A small group of biology teachers walked along a trail at the Juniata College Field Station at Lake Raystown — looking for birds.
We had heard a number of bird calls and identified three common species by sight when our guide, Chuck Yohn announced, “Stop here, this is a good location for pishing.”
What is he talking about ?, we wondered. As the group stood motionless, Yohn started making a weird hissing sound with his mouth — ‘psssh, psssh, psssh.’ He instructed us to imitate that sound, and we did.
‘Psssh, psssh, psssh’ — 15 teachers all making or attempting to make pishing sounds — I imagine that it was quite a sight and quite a sound.
Much to my surprise, but not Yohn’s, a curious warbler landed in a nearby shrub, only 10 feet away. Soon it was joined by an Eastern towhee and a catbird — all attracted by the pishing sounds. More birds were “pished” in later that morning, and I was thoroughly convinced that this was an effective way to lure birds into close range for better viewing or identification.
My introduction to pishing occurred nearly 20 years ago, and since then, I have “pished in” a lot of songbirds. The technique definitely works. Three years ago, I bought “The Art of Pishing,” by Pete Dunne. The 92-page paperback, which comes with an audio CD, clearly explains the art of pishing and describes Dunne’s experiences using this birders’ technique.
When did birders start “pishing?”
While taking a graduate ornithology course at Indiana University of Pennsylvania during the summer of 1975, I learned how birds reacted to the recorded territorial calls of males of the same species. I am pretty sure that my instructor did not know about pishing then, or we would have used it during our field studies of the prairie warbler.
Oddly enough, it was that same year — 1975 — that Dunne was first introduced to pishing while he was birding in New Jersey. According to Dunne, there are no records indicating exactly when or where pishing began. In his book, he notes that “hunters, including Native American hunters, have used bird calls to lure birds for centuries — the most obvious of which are duck, goose and turkey calls.” Dunne speculates that pishing was most likely first used for hunting purposes a long time ago.
“However the technique was developed, one thing is certain. At times, and in the hands of someone who knows how to use it, pishing can work like magic,” Dunne wrote.
According to Dunne, pishing most closely imitates the sounds made by an excited chickadee or titmouse, and I would agree. After listening to Dunne’s CD — he really sounds like a scolding titmouse — I refined my pishing to sound more like his.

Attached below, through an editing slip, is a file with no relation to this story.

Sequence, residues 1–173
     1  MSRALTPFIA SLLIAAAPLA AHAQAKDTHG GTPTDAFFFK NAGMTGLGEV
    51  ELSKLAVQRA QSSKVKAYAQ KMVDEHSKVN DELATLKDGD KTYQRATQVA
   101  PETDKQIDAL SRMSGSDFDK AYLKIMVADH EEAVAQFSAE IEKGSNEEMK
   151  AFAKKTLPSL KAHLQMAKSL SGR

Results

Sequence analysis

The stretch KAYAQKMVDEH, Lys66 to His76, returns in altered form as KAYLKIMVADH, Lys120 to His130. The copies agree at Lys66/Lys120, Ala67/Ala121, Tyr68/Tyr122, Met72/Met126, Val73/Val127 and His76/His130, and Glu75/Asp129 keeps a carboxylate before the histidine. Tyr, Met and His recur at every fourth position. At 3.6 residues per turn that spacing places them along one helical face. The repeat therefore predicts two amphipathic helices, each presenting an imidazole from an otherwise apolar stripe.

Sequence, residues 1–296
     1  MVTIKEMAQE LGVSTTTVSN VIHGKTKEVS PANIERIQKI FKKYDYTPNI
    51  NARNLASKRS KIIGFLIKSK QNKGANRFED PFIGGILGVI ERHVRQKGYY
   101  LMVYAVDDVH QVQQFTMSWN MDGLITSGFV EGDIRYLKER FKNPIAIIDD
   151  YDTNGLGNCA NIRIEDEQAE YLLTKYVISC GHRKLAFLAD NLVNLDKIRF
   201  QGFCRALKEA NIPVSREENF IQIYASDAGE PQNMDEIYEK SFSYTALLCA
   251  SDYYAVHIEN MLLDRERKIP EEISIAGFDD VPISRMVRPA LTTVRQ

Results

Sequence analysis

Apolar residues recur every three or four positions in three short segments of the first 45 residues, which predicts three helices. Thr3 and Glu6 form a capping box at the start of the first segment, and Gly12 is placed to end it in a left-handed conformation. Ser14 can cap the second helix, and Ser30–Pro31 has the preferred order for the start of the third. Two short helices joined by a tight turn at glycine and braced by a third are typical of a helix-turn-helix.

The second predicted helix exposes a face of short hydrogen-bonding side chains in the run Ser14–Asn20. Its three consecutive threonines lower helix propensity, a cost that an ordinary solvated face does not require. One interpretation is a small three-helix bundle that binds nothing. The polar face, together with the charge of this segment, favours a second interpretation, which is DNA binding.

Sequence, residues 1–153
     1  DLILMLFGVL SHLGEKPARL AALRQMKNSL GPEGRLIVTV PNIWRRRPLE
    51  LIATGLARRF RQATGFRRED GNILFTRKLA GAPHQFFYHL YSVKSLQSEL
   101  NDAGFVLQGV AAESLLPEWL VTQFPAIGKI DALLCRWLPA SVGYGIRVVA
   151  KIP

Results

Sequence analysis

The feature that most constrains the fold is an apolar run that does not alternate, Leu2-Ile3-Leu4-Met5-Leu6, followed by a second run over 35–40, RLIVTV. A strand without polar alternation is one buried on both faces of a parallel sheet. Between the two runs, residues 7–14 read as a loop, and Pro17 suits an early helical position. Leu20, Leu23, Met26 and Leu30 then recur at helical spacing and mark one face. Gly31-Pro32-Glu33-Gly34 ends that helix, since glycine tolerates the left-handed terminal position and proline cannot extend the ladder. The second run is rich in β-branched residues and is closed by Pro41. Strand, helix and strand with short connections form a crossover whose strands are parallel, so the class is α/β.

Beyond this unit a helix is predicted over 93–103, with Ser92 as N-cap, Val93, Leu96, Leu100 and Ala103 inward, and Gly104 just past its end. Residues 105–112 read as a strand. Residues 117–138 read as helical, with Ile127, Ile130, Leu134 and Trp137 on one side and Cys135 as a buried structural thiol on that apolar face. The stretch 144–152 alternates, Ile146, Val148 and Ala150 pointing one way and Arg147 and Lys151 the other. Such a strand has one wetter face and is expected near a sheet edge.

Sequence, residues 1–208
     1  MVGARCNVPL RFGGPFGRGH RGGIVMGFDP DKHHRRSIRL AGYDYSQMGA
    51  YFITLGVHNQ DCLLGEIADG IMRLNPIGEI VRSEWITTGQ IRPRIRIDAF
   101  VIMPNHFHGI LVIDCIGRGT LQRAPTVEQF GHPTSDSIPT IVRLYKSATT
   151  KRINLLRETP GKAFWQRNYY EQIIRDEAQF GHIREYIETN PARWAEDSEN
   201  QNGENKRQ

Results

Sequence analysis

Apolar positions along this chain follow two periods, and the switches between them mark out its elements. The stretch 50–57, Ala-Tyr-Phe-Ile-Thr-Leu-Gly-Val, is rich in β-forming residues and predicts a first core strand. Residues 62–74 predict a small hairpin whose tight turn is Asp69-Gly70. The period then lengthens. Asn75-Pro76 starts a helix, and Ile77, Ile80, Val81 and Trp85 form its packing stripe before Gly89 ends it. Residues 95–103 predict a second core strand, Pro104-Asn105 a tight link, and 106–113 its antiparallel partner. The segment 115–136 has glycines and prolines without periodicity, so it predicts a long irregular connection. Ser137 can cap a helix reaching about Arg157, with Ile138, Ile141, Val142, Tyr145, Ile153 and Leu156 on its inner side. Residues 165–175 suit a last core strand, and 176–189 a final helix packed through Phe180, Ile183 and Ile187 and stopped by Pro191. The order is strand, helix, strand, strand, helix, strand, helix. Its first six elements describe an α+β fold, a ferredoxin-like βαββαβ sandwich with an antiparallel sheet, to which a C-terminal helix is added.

No one knows why birds respond to a pish, but Dunne hypothesizes that it is out of curiosity or boredom, as much as anything else. Birds just want to see what all of the commotion is about.
Pishing works best in forested areas with understory trees and shrubs, in shrubby areas, or at forest edges. Bald Eagle State Park has much shrubby habitat — perfect for pishing.
Stand motionless (camouflage or brown and/or green clothing helps, but it is not necessary) and start making a “pishing” noise with your mouth. Psssh, psssh, psssh — repeat and add a little variety by shortening or lengthening the sounds. Add excitement to your voice. Remember, you are imitating an irritated titmouse. You might get a more realistic sound and add variety if you drop the “h” from the end of some pishes or add a “ch” sound.
I often ‘pish’ while I am trout fishing. I will see a movement in a bush and just start pishing. More often than not, curiosity will get the best of the bird and it will reveal itself. A few seconds later, there might be three of four birds flitting across the stream to see what all of the commotion is about.
Not all species respond to even the most enthusiastic pish. Catbirds, titmice, chickadees, song sparrows, eastern towhees, wrens, kinglets and indigo buntings are usually easy to pish. The yellowthroat and redstart, both small warblers, are suckers for a good pish. I have had them fly within three feet of my face looking for the source of the pishing sound. Almost any warbler will be attracted to pishing. This includes the yellow, black-throated blue, black-throated green, black and white, and blackburnian warblers, among others.
I have also experienced some real surprises. Once I took up a pishing station not too far from a calling ovenbird and started to pish. Almost instantly, a bird responded, but not the ovenbird. I was startled when a sharp-shinned hawk flew right at me.
In addition to the usual cast of feathered friends, this spring I pished in cedar waxwings, an immature robin, a Louisiana waterthrush and even a pair of barn swallows. One never knows what birds will be attracted to the magic of pishing.
For Pennsylvania birds, Dunne gives his “most easily pished” award to chickadees and titmice. My more limited experience during the past 20 years would bestow this “award” on the catbird. I pish in catbird after catbird while I am fishing.
This truly works, but I suggest not testing your pishing skills in the presence of strangers. Someone might dial 911 and that could be embarrassing for all concerned.
Prowl the Sproul events planned
Once again, organizers have a full slate of Sproul State Forest guided hikes and other events scheduled for the annual Prowl the Sproul weekend on July 20- 22. The day hikes are jointly sponsored by the state forest and the Keystone Trails Association. The multi-day Donut Hole Trail Slackpack is the most challenging hike, but many shorter hikes are scheduled. A 10K race is also planned for July 21, sponsored by the PA Traildogs.
For more information, visit www.kta-hike.org and click on the menu on the right. Mark Nale, who lives in the Bald Eagle Valley, is a member of the PA Outdoor Writers Association. He can be reached at MarkAngler@aol.com.